Blowing on a Dandelion and Watching the Past Float Away

Twenty four years ago, the person who I thought was my best friend horribly betrayed me.  And in a quick motion, the friendship ended.  She later sent a nasty letter to me that was intercepted by her father and a copy was sent to my parents.  In a snooping spree, I found the letter, skimmed it, laughed at the contents, and made a point of publicly ripping it up in front of my parents.

We needed to let go of the past.

In some respects, I don’t know that I did.  I haven’t spoken to this person in, literally, over twenty years.  I have had no contact with her and have not yearned for contact with her.

But, for some reason, today, I started typing in names of people I haven’t seen since I moved to Germany in 1989 or graduated from college in the mid 90’s.  I needed to see their faces one more time, touch their memories and see that they are well.

And I did.  I found my crush from my sophomore year of high school.  I was madly infatuated with that young man.  Wrote his name all over my journal and dreamt about what it would be like to be his girlfriend.  And, then, the summer hit and the crush ended and we went our separate ways.  And it was nice to see that he is married and has children and works as an artist on the west coast.  Good for him.

I found a young man I knew in college.  Of course, now, he isn’t quite that young of a man.  But he still looks relatively the same.  And he’s married. And has daughters.  And works in North Carolina.  And, for all intents and purposes, he is well.  And, for this I am happy.

And then, my old friend’s name came back to me, those syllables for which I have nurtured a loathing and a sense of foolish animosity…the whispered through my mind.  And I started looking.  And looking.  And, eventually, I found someone who might match her.  But I wasn’t certain, but I noticed a relative’s name so I looked up that person.

Because, after twenty plus years, I needed to see her one more time.  I didn’t want to talk to her.  I really had nothing to say, positive or negative.  But I needed to know that she was….okay?  well?  happy?

Five letters for the mother’s first name.  Six for the last.  And there was a picture on Facebook.  Unfamiliar.  Didn’t seem right.  But I clicked. And found her pictures.

And there was her late son, a young man I knew from youth group who died in 1989 in a car accident.  I haven’t seen his face since 1991 when it was a picture on the wall in the living room.  But the moment I saw his smile, I knew it was him.

I had found the family.

The last time I had talked to this woman, she had yelled at me for three straight hours.  For things I’m not certain that I really had done.  But, after over twenty-four years, there’s no point in trying to establish what is real and what is my imagined memories.  Those moments are dried up husks that I have let filter through my fingers.  I can still remember the anger in the woman’s voice.  But I also remember the powerful love she had for her daughter.  And after twenty-four years, maybe I was wrong?  Maybe I wasn’t?  It just doesn’t even matter to speculate beyond these last sets of sentences.

So I started cross-referencing.  I looked up one piece of information.  Followed it to another.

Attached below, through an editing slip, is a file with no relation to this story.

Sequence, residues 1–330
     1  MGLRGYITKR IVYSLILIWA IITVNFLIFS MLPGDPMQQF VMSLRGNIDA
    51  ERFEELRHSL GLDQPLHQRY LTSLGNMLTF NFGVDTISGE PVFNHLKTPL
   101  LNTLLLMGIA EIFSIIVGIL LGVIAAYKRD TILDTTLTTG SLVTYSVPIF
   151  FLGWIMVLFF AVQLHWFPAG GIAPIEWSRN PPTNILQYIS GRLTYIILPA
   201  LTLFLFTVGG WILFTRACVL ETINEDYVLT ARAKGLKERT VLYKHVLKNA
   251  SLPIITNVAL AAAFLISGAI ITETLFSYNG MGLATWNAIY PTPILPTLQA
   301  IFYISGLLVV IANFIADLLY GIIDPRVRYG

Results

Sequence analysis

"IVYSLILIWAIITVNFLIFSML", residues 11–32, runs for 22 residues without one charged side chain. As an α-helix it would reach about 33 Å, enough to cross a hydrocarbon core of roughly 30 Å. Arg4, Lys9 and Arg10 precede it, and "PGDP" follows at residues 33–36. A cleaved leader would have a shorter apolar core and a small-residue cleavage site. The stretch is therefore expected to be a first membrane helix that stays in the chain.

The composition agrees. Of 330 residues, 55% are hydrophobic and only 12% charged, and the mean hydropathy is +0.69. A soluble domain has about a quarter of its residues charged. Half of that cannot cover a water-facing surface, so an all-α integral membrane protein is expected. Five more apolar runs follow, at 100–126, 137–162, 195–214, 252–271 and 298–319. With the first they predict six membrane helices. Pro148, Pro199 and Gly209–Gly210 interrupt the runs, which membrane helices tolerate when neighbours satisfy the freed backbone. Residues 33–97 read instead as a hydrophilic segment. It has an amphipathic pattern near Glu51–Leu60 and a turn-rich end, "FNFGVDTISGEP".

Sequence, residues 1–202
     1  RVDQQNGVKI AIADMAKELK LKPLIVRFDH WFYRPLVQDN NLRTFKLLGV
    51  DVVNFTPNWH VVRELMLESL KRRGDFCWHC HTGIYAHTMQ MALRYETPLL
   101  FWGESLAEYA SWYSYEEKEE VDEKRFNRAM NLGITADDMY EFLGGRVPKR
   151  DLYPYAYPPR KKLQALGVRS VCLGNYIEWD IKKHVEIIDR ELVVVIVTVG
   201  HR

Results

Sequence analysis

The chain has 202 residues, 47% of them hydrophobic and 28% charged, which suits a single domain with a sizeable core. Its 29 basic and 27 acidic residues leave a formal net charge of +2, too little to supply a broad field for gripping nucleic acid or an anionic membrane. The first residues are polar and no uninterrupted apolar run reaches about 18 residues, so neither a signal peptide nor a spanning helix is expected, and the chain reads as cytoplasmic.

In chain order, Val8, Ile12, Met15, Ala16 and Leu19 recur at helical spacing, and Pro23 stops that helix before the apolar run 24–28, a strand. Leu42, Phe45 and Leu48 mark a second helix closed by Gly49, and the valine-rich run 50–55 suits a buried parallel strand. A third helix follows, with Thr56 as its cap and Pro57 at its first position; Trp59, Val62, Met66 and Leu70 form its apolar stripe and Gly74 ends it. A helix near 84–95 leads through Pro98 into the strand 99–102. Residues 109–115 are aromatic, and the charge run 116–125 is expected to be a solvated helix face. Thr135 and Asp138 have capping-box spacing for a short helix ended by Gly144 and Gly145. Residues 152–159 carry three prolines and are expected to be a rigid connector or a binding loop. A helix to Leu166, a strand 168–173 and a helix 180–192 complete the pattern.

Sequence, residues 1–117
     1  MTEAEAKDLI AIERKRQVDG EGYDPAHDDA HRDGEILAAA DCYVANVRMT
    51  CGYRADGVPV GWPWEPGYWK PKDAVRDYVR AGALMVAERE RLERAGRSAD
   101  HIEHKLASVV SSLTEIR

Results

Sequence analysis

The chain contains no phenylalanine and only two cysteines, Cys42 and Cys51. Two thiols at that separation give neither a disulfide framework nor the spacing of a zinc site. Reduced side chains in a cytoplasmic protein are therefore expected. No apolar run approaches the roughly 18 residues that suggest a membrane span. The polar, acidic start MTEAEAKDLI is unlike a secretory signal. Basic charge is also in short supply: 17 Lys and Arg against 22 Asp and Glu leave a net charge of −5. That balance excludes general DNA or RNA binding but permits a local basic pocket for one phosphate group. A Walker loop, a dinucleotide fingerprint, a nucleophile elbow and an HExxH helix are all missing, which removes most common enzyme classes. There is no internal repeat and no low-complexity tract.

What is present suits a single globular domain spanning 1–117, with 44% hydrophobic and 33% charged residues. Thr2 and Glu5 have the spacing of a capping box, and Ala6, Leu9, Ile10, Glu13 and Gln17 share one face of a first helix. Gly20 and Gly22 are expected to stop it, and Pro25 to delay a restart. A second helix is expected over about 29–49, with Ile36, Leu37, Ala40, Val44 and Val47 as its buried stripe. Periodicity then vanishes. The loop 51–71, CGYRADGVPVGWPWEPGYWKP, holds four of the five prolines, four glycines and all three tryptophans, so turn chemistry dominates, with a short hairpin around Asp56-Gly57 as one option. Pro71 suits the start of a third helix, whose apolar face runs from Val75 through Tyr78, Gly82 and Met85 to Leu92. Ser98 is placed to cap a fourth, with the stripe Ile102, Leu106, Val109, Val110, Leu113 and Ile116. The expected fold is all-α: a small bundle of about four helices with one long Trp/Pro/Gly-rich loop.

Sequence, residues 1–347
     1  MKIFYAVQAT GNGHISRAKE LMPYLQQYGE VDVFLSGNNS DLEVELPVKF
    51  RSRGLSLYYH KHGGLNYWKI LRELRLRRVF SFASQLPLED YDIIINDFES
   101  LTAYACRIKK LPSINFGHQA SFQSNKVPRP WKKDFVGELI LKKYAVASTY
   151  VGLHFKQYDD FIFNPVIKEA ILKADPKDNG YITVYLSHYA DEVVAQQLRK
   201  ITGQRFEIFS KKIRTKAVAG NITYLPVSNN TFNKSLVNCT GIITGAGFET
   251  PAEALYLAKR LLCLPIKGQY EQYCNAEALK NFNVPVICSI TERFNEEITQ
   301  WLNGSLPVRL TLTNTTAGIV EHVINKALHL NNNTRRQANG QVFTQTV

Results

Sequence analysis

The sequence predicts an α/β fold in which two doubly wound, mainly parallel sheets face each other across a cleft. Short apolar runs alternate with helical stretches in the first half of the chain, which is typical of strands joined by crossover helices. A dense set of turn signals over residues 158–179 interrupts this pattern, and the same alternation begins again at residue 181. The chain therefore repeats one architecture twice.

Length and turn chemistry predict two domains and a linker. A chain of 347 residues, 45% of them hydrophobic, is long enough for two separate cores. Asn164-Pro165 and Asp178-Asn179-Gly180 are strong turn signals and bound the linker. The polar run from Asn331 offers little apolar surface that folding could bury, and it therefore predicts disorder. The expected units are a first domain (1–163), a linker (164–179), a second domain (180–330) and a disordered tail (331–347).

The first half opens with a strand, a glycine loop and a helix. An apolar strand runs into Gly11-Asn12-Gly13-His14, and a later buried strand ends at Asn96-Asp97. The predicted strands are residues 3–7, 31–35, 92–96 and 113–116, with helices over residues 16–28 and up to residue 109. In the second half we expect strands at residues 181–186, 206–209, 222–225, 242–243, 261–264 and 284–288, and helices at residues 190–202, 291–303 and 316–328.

And then I found her.

Twenty-four years ago, this woman was whom I thought was my sister.  She knew all of my secrets, all of my dreams.  She saw me at my most foolish.  She saw me at my best, my worst.  She pierced the thick shell of shyness that kept me introverted at the youth group and encouraged me to talk.  We walked mountain paths together.  We shared stories and finished each other’s sentences and talked and talked and talked about life and dreams and nightmares.

And then, our friendship came to a disastrous ending and people who knew her and knew how much I cared about her would ask about her.  Even my mom, to this day, has asked about this woman.  And I didn’t have an answer.

But I do now.  I saw her face and recognized her.  It took some scratching at my memories, but when I saw the profile picture, I knew I had found my old friend.

And, finally, the bitterness just wasn’t there anymore.  The old anger.  The old animosity.  The old sadness that she would hurt me and then go on to hurt my parents.

Gone.

And, in a way, I found a little more peace within myself.  It really just didn’t matter anymore.

I had found my way past all those old hurts that really are inconsequential.

I know that in reading this I am going to sound like a stalker.  And I really don’t want to come across that way.  But it’s good to able to touch those memories and find my finger tips coming away clean.  It’s kind of like blowing on a dandelion puff that’s pregnant with seeds, just waiting for the right gust of wind.

Or the deep breath of a little girl whose dreams are bigger than her landscape.

Or a woman who still clings to the child inside of her.  The woman who kneels down and will still pluck the heavy dandelion and angle it in such a way that she can get off almost every seed except one or two that stubbornly cling to the under side of the blossom’s head.

I love watching dandelion seeds floating on the wind.  If I could, I would love to have those tattooed across my body, but unless I can find the right artist, that would never work.  Because to capture those on my skin would be to lessen their impact…they are spirited.  They are tactile dreams.  They are the past being released to the wind so that I can sow little bits and pieces of good memories into the future.

My old friend is well.  She is a teacher and is getting her doctorate.  And I’m happy for her.  I really am.  After twenty four years, it’s nice to finally close that part of my life and put that box in my mental attic.

Now, it’s time to go outside and pick some dandelions…

Make a wish.

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